First, “The scale of the change that’s needed is only going to happen if social and environmental considerations are woven into the daily decisions and responsibilities of everyone in the company at every level in every department.”

Second, “I think there’s this really common misconception that action is reserved for those in power, that sort of only a few people, in powerful positions can do anything that makes any difference in the world. And I think that’s nonsense. I think power is accumulated by those who take action.”

Third, taking meaningful action also makes people happier and more productive.

With that in mind, some things you can do after listening to this interview:

Subscribe to the Today Do This newsletter, which “revisits one major headline each week and suggests a simple, practical action you can take that day to make a difference”.

-Contact Daianna through this link.


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S1. E29. Zahra Davidson

Zahra Davidson is Chief Executive and Design Director of Huddlecraft, a Community Interest Company that uses the the practice of combining people to unearth and multiply potential (Zahra’s Linkedin, Twitter and Medium). Huddlecraft asks: ‘What if everyone could multiply their potential by the power of their peers?’

We talked about how collective learning is so necessary for global transformations, but how to contribute at the necessary scale while keeping the important relational, often local, character of individual peer learning groups.

Also, the challenges of being a CEO of a start-up which is trying to be different, trying to be organised in a way that mimics living systems and nature.


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S1. E28. Richard Sandford

Richard Sandford is Professor of Heritage Evidence Foresight and Policy at the UCL Institute of Sustainable Heritage (Twitter, LinkedIn). He interested in how we think about the future and how we connect it to the past.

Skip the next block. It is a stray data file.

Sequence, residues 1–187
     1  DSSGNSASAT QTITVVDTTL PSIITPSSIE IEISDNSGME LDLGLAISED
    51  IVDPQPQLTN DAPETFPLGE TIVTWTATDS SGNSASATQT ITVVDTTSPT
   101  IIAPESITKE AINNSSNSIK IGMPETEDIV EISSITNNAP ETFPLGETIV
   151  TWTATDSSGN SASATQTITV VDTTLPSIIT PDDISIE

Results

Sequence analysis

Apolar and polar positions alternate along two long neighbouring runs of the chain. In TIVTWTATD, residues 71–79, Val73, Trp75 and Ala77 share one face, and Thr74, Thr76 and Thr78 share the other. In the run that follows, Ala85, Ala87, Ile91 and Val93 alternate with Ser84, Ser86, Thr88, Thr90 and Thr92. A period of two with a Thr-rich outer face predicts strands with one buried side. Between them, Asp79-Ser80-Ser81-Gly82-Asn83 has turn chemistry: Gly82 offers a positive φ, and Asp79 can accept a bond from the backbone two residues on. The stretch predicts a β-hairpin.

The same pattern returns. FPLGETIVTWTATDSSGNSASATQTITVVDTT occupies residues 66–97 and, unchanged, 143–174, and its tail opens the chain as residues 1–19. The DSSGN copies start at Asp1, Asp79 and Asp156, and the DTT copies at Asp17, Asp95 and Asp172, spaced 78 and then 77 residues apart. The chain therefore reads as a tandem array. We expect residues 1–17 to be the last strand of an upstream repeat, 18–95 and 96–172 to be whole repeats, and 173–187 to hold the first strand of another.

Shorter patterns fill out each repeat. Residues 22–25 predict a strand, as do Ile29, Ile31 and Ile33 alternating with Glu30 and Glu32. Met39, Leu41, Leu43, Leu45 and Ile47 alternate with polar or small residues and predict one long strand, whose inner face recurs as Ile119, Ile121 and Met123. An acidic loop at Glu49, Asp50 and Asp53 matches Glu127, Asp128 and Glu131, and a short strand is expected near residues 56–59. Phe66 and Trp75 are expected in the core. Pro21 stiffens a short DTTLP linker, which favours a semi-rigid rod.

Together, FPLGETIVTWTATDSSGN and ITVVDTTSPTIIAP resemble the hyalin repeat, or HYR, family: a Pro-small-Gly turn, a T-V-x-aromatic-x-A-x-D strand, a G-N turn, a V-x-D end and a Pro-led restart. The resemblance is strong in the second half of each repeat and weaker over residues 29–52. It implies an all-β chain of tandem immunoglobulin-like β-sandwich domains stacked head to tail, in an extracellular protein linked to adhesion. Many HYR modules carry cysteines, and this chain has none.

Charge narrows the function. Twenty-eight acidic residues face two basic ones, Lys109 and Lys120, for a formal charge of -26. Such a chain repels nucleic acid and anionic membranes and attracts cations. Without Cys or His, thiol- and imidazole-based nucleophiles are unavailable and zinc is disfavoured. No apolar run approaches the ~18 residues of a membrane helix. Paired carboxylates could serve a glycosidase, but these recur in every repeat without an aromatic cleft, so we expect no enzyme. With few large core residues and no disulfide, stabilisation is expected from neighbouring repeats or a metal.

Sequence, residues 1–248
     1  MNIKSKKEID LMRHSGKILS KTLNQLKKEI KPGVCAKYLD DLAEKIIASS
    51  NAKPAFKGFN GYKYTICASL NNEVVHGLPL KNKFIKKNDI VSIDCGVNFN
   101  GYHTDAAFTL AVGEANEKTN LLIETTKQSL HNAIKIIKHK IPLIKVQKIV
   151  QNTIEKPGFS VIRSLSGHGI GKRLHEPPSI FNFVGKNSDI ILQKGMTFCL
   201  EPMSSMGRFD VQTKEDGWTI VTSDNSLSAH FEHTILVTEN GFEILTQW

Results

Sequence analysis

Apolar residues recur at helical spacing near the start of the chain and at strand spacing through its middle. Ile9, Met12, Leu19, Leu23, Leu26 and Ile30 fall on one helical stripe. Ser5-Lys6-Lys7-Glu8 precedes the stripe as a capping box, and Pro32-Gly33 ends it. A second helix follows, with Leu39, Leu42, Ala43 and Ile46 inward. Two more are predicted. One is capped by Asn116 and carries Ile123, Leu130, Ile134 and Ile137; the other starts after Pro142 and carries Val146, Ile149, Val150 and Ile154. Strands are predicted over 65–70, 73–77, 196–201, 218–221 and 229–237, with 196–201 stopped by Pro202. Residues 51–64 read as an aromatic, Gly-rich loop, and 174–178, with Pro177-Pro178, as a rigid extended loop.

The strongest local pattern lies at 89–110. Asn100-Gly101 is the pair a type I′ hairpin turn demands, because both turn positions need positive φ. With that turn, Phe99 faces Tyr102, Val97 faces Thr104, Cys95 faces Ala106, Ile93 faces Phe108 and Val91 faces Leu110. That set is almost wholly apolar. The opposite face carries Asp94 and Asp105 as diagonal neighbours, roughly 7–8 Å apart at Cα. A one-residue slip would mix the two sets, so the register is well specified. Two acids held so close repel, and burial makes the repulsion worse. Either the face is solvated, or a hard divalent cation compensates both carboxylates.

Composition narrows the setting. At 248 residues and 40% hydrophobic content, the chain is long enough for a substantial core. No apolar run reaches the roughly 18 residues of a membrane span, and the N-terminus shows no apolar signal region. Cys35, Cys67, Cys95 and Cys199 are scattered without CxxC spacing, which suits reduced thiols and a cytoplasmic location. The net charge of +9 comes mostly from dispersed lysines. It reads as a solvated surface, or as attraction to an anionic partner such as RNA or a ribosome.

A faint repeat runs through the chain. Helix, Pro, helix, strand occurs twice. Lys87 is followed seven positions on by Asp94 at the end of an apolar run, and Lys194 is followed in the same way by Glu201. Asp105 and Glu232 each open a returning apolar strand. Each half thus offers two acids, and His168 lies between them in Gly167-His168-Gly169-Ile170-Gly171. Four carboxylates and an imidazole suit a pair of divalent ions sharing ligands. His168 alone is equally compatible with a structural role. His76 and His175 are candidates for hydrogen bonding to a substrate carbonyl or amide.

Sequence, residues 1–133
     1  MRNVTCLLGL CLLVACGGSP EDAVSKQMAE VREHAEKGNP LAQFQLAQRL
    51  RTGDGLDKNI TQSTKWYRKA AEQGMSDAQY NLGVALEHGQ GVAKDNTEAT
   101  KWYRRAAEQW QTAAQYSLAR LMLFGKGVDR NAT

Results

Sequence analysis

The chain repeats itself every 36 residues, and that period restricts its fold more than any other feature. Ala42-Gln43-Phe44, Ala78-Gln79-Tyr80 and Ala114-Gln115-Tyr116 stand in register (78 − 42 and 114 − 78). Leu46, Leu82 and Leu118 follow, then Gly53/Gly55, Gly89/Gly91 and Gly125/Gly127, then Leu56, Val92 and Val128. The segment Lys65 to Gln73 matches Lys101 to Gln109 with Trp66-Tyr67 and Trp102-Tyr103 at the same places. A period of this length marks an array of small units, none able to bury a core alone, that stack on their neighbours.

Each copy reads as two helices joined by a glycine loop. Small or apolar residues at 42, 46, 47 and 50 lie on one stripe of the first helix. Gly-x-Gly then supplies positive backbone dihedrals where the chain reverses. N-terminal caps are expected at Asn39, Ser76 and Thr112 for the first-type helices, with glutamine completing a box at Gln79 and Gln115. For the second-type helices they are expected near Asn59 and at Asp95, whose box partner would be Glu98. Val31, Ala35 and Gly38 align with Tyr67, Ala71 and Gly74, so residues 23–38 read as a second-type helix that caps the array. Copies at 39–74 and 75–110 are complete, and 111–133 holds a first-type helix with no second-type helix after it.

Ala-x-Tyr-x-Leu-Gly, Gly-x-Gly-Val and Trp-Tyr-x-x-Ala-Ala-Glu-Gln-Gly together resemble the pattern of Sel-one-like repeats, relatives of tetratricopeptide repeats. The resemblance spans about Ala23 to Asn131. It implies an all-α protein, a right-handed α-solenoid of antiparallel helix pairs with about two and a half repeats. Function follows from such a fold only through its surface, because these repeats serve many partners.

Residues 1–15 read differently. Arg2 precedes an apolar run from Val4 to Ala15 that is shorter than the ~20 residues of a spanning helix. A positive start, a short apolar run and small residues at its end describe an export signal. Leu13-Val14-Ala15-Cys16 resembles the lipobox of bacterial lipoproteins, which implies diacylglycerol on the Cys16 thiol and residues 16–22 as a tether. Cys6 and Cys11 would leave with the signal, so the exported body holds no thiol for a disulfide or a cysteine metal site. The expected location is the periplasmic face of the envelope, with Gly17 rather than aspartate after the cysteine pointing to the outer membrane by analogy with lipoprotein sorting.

We discuss in depth how heritage can be a source of useful and productive stances towards the future. Key line from Richard for me:

There is change coming. And actually, the hardest thing might be to preserve sufficient continuity ourselves and allow institutions for them to be able to act to be the same to preserve an identity over the time and they need to be able to do the work that they’re trying to do.


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S1. E27. Helen Henderson

Helen Henderson is a Commissioner of the Northern Ireland Human Rights Commission (NIHRC), combined with a long history of community education in Derry/Londonderry.

We explored Helen’s work on peacebuilding and non-violence. For instance, how do you build peace between communities that have been in conflict for decades? Two things: spaces to discover common humanity; and growing critical literacy.

My reflection is that I’ve not had to worry about security. But that’s a privilege others haven’t had. And how important that work is, because so much else relies on feeling secure.